Disclaimer: I understand that there are many sensitivities surrounding any discussion of the temple. Please know that I avoid specifics and do my best to accord the LDS temple the respect I think it deserves. I hope others who may not be LDS or members will do the same, and I hope we as Latter-day Saints extend the same courtesy to other faiths.
It’s my understanding that the temple ceremony was changed again recently. I haven’t attended and so am unaware of many specifics. I do know that the washing and anointing ceremony is handled differently, though the wording is the same. I was also told that one change may "anger feminists" (a quote from my source).
Changes to the ceremony are not a new concept. Since its introduction in Nauvoo, the temple has undergone many revisions. Wilford Woodruff and Brigham Young tried hard to reconstruct the ceremony after arriving in Utah. They reported that they got it "pretty close" to the Nauvoo original. Major changes took place around 1920, when an oath of vengeance was removed. This oath was widely publicized during the Reed Smoot hearings in 1904-06, along with other aspects of the ceremony. In 1990, the ceremony saw another major revision, removing penalties and seeming to make women less subservient to men.
Latter-day Saints covenant to carefully guard against specific information learned in the temple. In the 19th-century, members and leaders were far more open about discussing amongst themselves what went on inside. The only part of the ceremony considered off-limits were the specific signs, tokens, and penalties, along with information at the veil. Today, however, members might read those very words and cringe at my use of them, despite the fact that men like Brigham Young and others used them in public and they are available in Church publications. Orson Pratt published the entire text of the wedding ceremony in The Seer in Washington, DC.
Many Latter-day Saints are surprised to learn that temple exposes are as old as the ceremony itself. Starting with anti-Mormon newspapers around Nauvoo, one could read, with varying degrees of accuracy, what went on inside. This has continued until today; indeed, I don’t think any time period has existed when outsiders couldn’t find out what went on inside if they were willing to hunt around for a book. I’ve heard members express anger when they learn the complete ceremony is online at different websites, and more than once I’ve heard members comfort themselves by insisting that those responsible would go to hell.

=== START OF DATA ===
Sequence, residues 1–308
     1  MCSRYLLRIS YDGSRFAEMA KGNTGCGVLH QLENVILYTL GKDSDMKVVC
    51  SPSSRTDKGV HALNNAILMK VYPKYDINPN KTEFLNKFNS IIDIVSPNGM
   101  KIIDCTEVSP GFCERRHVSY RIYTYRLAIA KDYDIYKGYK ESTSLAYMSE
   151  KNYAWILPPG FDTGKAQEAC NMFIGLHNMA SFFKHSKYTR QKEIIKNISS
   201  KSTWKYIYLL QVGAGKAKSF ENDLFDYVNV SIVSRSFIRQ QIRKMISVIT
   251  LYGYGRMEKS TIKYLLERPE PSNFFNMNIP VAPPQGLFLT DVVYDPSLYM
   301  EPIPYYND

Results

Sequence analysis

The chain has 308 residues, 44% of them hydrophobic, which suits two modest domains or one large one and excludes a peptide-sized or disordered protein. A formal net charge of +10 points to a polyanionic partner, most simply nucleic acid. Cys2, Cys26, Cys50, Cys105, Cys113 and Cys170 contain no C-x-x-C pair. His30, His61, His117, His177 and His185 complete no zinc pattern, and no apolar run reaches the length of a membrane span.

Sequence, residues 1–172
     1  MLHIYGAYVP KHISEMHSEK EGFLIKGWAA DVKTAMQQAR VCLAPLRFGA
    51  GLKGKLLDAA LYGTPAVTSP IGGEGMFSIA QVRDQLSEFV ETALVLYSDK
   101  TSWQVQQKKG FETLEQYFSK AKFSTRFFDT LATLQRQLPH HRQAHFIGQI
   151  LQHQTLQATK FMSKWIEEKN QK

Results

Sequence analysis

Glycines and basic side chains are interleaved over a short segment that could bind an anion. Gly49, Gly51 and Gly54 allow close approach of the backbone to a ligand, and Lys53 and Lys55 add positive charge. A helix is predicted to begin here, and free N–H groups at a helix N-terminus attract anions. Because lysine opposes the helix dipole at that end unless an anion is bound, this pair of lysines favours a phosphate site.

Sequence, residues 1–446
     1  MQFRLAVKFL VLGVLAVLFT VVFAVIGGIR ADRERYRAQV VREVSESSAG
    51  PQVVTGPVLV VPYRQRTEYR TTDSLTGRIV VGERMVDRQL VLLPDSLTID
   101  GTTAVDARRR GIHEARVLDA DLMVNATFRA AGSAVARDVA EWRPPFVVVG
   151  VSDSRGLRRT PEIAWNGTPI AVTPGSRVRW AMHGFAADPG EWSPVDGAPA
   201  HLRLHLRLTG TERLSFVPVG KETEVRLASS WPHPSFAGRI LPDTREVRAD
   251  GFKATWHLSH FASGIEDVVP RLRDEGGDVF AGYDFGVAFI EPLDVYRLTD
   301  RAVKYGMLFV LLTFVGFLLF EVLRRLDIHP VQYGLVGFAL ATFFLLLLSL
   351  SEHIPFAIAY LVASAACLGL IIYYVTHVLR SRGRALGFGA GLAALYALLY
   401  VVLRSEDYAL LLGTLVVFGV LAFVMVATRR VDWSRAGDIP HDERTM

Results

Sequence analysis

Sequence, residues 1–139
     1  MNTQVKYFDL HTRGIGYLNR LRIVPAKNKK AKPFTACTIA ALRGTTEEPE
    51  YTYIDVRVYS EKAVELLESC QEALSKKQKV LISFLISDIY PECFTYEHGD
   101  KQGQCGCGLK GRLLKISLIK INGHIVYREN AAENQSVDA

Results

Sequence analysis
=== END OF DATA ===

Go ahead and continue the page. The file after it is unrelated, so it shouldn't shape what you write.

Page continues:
Does such anger stem only from the apparent disrespect from posting the ceremony? Or is it from the betrayal of an insider, revealing the secrets of the tribe? I’ll confess, my biggest surprise my first time through the temple was how fraternal it all felt. Even then it seemed to appeal to human nature – passing on knowledge to a select group so they could, as Brigham Young said, pass by the sentinels who guard the gates. I have no doubt that temple-going members believe in the sacredness of the temple, revere and respect it, and participate because of their deeply held beliefs. But there also seems to be a kind of clubhouse aspect to it as well. It’s human nature to be exclusive and feel good when you’re on the "inside." Is that part of what’s going on?